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Using the factory design pattern with Kotlin

Dimitrios Filippou
Lead Software Engineer at Asian Logic, CS undergrad at Athens University of Economics and Business. Into Kotlin, JavaScript & Go
・3 min read

Introduction πŸ”₯

We all know design patterns or at least heard of them once in our lives as developers, they are supposed to ensure the maintenance integrity of our codebase and reduce headaches, but do they? The truth is, there are cases where you do not need this pattern and those cases may vary from not using an OOP language, writing a project where you don't really care about its scalability, or it's not complex enough to use a design pattern. In this article, we will get our hands dirty with Kotlin coding as well as UML & some hot tips!

Prerequisite β˜•οΈ

Before proceeding, you need to be familiar with UML, some basic Kotlin knowledge and have an idea of how Java handles inheritance.

Quick note before reading πŸ“–

Since it's 2020 and we're all quarantined, I used an example that is relevant to 2020's pandemic 🦠. We are going to make a virus factory, that creates virus Java objects! I know this is not 100% practical, but. it's fun.

This article can also be found on my blog archive which is located here https://jimfilippou.github.io/blog/using-the-factory-design-pattern-with-kotlin.

Taking a look at the UML we will be implementing. πŸ‘€

The UML diagram will look as follows

Alt Text

Planning πŸ“

We need to convert the following UML into actual code, so lets split the work into tasks.

  1. Create the virus interface
  2. Create concrete virus classes that implement the Virus interface
  3. Create an enumeration which will hold virus types (constants)
  4. Create the VirusFactory which will eventually generate a proper Virus given the virus type from the enumeration
  5. Use what we made

implementing βš’

1. Creating the virus interface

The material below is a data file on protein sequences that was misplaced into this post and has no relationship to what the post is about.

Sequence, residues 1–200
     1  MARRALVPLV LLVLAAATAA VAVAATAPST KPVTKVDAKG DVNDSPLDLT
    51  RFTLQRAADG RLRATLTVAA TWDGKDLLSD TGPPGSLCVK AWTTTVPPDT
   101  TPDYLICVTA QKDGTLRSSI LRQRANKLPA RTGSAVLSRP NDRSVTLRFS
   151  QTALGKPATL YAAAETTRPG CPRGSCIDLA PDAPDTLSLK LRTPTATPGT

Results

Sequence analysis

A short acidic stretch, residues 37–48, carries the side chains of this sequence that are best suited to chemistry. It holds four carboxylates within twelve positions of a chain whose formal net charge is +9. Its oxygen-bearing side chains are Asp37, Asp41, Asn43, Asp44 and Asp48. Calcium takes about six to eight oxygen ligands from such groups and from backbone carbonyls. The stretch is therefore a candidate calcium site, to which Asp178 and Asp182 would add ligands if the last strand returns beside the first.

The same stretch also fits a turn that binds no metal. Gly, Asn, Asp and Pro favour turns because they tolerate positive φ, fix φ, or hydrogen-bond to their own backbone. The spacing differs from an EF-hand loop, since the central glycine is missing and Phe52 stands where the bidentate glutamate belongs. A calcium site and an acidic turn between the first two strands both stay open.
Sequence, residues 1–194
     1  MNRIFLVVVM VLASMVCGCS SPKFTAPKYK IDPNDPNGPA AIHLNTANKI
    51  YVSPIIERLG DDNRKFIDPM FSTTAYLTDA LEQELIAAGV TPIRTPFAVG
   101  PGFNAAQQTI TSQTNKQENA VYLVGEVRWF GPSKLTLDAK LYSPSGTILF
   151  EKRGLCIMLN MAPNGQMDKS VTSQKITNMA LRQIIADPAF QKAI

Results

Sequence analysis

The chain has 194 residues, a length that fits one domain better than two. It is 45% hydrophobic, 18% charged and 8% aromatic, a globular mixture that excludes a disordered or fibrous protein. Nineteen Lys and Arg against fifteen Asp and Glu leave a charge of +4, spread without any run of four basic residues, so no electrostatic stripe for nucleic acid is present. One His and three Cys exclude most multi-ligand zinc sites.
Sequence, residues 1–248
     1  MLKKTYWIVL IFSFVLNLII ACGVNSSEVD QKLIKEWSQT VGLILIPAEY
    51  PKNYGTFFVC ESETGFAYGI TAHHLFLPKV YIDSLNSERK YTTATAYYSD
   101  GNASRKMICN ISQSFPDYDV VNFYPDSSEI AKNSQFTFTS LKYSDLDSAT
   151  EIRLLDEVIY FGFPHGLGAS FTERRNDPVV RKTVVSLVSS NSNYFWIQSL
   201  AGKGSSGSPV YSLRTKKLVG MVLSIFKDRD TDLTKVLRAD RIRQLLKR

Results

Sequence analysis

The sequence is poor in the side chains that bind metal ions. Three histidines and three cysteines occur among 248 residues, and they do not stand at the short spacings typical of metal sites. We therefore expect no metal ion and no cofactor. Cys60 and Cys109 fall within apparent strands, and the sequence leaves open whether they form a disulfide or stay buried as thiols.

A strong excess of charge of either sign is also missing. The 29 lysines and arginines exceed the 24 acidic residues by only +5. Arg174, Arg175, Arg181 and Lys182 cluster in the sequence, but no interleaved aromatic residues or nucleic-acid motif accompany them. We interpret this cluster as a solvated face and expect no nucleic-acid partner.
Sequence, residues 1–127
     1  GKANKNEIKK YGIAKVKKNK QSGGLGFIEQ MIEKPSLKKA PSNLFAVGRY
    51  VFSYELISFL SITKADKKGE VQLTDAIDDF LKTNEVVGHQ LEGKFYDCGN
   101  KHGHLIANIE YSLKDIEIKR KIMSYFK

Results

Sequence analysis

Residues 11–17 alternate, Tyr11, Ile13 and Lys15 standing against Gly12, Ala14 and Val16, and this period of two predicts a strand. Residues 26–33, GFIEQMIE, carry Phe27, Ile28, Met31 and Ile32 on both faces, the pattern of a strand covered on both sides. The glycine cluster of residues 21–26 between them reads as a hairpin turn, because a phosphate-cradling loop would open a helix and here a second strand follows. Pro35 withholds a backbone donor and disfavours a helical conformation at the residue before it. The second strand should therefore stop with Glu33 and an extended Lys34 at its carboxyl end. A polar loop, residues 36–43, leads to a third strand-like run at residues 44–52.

The following code will do the trick to make this Interface πŸ‘‡

interface Virus {
    public fun mutate()
    public fun spread() {
        println("Spreading the virus...")
    }
}

πŸ’‘ TIP: Notice that in regular java interfaces, typically you only do declarations, not implementations. The function body is 100% optional because in the future it is supposed to be overridden.

The following statement comes from the documentation:

Interfaces in Kotlin can contain declarations of abstract methods, as well as method implementations. What makes them different from abstract classes is that interfaces cannot store state. They can have properties but these need to be abstract or to provide accessor implementations.

2. Creating concrete virus classes

Now we need to create the different classes that implement the Virus Interface.

πŸ’‘TIP: You can create as many classes as you wish, as long they implement the Virus interface. Typically, this pattern is more useful when you have lots of classes because when you only have a few, you can work around this issue and maybe avoid using this pattern.

class CoronaVirus: Virus {
    override fun mutate() {
        println("Mutating the corona virus...")
    }
}

class InfluenzaVirus: Virus {
    override fun mutate() {
        println("Mutating the flu virus...")
    }
}

class HIVVirus: Virus {
    override fun mutate() {
        println("Mutating the HIV virus...")
    }
}

3. Creating the enumeration

In kotlin, it's fairly easy to make an enum by using the following code πŸ‘‡

enum class VirusType {
    CORONA_VIRUS, INFLUENZA, HIV
}

But why do we use constants this way? couldn't we just use strings for virus types?

The answer is yes however, a good practice is not to use strings because strings are more error-prone because as humans, we tend to make typos very frequently.

If you are coming from the front-end world, the same reason applies to Redux action types βš›

4. Creating the factory 🏭

Now let's implement the VirusFactory class πŸš€

class VirusFactory {
    fun makeVirus(type: VirusType): Virus? {
        return when(type) {
            VirusType.CORONA_VIRUS -> CoronaVirus()
            VirusType.INFLUENZA -> InfluenzaVirus()
            VirusType.HIV -> HIVVirus()
            else -> null
        }
    }
}

πŸ’‘TIP: The return type is Virus? which means it may return null. We did this because we want to make sure that the factory accepts only the specified virus types inside the when keyword. The when keyword is just like the switch keyword, but much sexier πŸ‘.

5. Using the factory 🏭

Now that everything is completed, let's use the factory we just created!

fun main() {
    val factory = VirusFactory()
    val virus = factory.makeVirus(VirusType.CORONA_VIRUS)
    virus?.spread()
    virus?.mutate()
}

πŸ’‘TIP: Notice that we called the functions mutate and spread with a question mark before accessing the object's properties and/or methods. This question mark means that the functions will only be called when the virus object is not NULL.

If you are familiar with JavaScript, this behaves just like optional chaining

Thank you for reading! πŸŽ‰

You reached the end! I hope you learned something. In case you need the entire codebase, I have embedded it below so you can copy and paste it. Let me know in the comments on what you think about this post or this design pattern in general.

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